Young faculty receive Early Researcher Awards
Perimeter Faculty members Kendrick Smith and Philip Schuster, and Associate Faculty member Itay Yavin, have each received grants of $140,000 to support their highly promising research. The awards were announced on Thursday by MPP Kathryn McGarry at the University of Waterloo.
Perimeter Institute Director Neil Turok said the awards will enable fundamental inquiry that holds great potential.
“Time and again, history has shown that scientific breakthroughs advance human society,” Turok said. “Supporting foundational scientific research requires foresight and vision, but the long-term payoffs are immense. We are grateful to Minister of Research and Innovation Reza Moridi and the Province of Ontario for recognizing Perimeter’s talented young physicists and encouraging them to pursue new breakthroughs through the Early Researcher Awards program.”
The Early Researcher Awards program helps promising young faculty members build their research teams of graduate students, postdoctoral fellows, research assistants, and associates. The goal of the program is to improve Ontario’s ability to attract and retain the best and brightest research talent from around the world.
At Perimeter, the researchers honoured with ERAs are:
- Philip Schuster, a particle physicist who co-developed ground-breaking approaches to new physics searches at the Large Hadron Collider, and spearheads new experimental searches for dark matter and forces alongside his long-time research partner Natalia Toro. In 2014, Schuster and Toro won the New Horizons in Physics Prize.
- Kendrick Smith, a data-oriented cosmologist whose work is a mixture of theoretical physics, computational physics, statistics, and data analysis. He has been a key member of several world-leading experiments, including the WMAP and Planck satellites, which have mapped the earliest light of the universe, the Cosmic Microwave Background (CMB), with stunning precision. He and the WMAP team earned the 2012 Gruber Cosmology Prize.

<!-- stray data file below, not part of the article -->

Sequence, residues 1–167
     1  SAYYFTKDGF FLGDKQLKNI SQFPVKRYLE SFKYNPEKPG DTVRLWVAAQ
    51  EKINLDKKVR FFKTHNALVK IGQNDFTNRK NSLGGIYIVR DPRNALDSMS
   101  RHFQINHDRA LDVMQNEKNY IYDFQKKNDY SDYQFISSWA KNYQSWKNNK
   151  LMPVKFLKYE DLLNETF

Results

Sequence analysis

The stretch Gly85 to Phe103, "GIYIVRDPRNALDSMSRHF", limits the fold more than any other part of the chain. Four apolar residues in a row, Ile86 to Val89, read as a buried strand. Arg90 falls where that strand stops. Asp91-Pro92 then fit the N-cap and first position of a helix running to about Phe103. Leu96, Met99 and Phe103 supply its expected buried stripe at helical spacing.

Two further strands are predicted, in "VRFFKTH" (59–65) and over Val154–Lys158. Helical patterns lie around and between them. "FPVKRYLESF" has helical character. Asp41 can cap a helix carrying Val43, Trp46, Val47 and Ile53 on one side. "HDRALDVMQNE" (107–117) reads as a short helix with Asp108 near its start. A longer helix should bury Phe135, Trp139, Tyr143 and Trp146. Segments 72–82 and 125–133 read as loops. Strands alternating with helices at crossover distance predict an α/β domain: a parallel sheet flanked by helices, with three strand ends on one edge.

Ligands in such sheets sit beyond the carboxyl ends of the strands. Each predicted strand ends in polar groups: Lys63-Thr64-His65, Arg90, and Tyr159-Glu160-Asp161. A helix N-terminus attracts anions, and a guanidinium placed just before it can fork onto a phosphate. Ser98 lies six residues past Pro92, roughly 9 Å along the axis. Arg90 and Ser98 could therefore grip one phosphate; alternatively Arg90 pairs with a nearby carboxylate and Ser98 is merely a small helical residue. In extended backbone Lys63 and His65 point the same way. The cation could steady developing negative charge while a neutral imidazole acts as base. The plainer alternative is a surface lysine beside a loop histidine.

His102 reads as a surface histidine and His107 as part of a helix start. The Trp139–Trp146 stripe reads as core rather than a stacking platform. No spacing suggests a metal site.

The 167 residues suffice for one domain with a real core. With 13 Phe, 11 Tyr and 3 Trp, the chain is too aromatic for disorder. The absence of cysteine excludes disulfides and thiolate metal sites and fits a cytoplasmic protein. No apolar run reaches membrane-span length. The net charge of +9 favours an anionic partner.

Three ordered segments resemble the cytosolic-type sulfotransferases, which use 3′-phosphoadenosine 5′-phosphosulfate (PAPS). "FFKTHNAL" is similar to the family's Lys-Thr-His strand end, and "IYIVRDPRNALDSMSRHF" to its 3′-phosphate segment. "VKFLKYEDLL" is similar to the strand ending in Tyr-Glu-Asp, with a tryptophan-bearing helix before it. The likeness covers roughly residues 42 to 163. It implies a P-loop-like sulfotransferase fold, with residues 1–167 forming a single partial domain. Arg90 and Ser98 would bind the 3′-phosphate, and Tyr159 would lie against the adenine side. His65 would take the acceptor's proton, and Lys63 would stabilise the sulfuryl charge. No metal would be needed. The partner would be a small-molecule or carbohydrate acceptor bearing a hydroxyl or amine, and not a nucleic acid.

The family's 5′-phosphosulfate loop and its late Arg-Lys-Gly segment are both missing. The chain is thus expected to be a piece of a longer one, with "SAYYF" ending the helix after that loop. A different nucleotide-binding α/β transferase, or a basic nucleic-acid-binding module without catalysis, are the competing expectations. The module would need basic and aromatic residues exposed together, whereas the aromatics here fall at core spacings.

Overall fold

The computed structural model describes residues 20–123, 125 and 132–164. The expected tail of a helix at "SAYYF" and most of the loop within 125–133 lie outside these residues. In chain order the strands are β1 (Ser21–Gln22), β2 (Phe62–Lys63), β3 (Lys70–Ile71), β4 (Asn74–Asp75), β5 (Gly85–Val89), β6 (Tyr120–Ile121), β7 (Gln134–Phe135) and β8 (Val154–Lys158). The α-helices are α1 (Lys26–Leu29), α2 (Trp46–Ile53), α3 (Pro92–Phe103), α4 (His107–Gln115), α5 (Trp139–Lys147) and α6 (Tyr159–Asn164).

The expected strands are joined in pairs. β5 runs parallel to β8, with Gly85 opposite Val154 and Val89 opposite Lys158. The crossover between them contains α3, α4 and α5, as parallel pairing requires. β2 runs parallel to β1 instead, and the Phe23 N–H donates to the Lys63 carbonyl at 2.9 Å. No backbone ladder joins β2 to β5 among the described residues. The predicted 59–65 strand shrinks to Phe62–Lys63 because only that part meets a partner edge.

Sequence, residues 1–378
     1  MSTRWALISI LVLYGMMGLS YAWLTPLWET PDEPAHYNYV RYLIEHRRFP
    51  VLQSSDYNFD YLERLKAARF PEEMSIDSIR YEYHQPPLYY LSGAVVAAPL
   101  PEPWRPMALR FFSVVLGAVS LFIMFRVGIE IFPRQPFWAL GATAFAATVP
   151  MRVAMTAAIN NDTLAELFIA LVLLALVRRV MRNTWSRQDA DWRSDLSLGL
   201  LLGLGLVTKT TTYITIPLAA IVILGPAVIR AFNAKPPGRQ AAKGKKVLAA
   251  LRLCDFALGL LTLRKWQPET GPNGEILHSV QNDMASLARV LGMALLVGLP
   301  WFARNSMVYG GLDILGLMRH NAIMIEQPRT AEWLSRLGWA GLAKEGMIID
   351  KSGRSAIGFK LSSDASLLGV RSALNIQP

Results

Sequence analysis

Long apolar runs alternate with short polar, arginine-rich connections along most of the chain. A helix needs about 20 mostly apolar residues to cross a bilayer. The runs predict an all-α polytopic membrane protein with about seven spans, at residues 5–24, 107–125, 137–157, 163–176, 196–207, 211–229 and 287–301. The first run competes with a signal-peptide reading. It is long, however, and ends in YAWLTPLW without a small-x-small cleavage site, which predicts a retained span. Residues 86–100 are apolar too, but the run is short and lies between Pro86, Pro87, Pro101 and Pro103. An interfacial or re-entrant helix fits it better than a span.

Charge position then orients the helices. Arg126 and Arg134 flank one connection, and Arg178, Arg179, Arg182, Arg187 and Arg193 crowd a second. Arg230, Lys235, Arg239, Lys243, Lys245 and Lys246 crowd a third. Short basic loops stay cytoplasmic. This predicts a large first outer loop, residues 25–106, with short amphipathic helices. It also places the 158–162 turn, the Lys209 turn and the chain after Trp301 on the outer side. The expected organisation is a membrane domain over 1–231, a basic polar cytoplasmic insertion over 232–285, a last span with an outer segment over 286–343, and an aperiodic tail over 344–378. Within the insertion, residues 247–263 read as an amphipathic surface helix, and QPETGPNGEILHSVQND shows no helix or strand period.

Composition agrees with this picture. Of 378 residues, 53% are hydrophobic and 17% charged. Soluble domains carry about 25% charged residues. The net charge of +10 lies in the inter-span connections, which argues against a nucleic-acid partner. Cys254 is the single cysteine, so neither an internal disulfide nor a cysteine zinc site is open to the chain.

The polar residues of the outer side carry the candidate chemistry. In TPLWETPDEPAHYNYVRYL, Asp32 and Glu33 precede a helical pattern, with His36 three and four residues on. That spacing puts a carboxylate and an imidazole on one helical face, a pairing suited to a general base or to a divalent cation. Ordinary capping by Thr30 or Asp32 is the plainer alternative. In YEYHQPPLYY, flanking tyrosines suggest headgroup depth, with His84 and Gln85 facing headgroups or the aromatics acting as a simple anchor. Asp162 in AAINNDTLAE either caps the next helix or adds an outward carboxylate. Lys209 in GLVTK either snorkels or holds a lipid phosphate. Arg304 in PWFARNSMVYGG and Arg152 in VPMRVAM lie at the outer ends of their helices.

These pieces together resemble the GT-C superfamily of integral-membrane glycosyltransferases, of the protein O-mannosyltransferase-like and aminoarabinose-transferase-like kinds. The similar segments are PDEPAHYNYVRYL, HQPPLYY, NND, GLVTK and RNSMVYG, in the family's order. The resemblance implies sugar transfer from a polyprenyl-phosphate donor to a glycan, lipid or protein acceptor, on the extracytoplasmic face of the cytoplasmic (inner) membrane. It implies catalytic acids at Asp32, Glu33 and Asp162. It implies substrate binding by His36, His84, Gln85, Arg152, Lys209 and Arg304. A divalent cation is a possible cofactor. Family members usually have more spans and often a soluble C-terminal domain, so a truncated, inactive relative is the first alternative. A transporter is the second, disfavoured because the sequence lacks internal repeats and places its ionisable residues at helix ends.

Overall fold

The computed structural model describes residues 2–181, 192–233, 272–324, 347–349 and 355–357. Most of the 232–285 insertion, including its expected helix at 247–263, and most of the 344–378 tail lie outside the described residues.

- Itay Yavin, a theoretical physicist working in high-energy particle physics, whose work has focused on the interdisciplinary field of astroparticle physics, driven by the idea that the dark matter observed in astrophysical phenomena is a new fundamental particle. He was, with co-authors, the first to suggest several new signatures of dark matter that are now being searched for experimentally in different large-scale experiments. He is an associate faculty member at Perimeter and an assistant professor at McMaster University.
“Philip, Kendrick, and Itay epitomize Perimeter,” said Turok. “They are exploring some of the most basic questions in physics. They are each utterly dedicated, highly creative thinkers. Their work cuts across disciplines, questions established ideas, and focuses on uncovering the truth.”
Yavin said he was honoured to receive an ERA. “I am grateful to the government and citizens of Ontario for entrusting me with these funds and for supporting basic research into fundamental questions in physics,” he said.
Perimeter Institute is the world’s largest research hub devoted to theoretical physics. The independent Institute was founded in 1999 to foster breakthroughs in the fundamental understanding of our universe, from the smallest particles to the entire cosmos. Research at Perimeter is motivated by the understanding that fundamental science advances human knowledge and catalyzes innovation, and that today’s theoretical physics is tomorrow’s technology. Located in the Region of Waterloo, the not-for-profit Institute is a unique public-private endeavour, including the Governments of Ontario and Canada, that enables cutting-edge research, trains the next generation of scientific pioneers, and shares the power of physics through award-winning educational outreach and public engagement.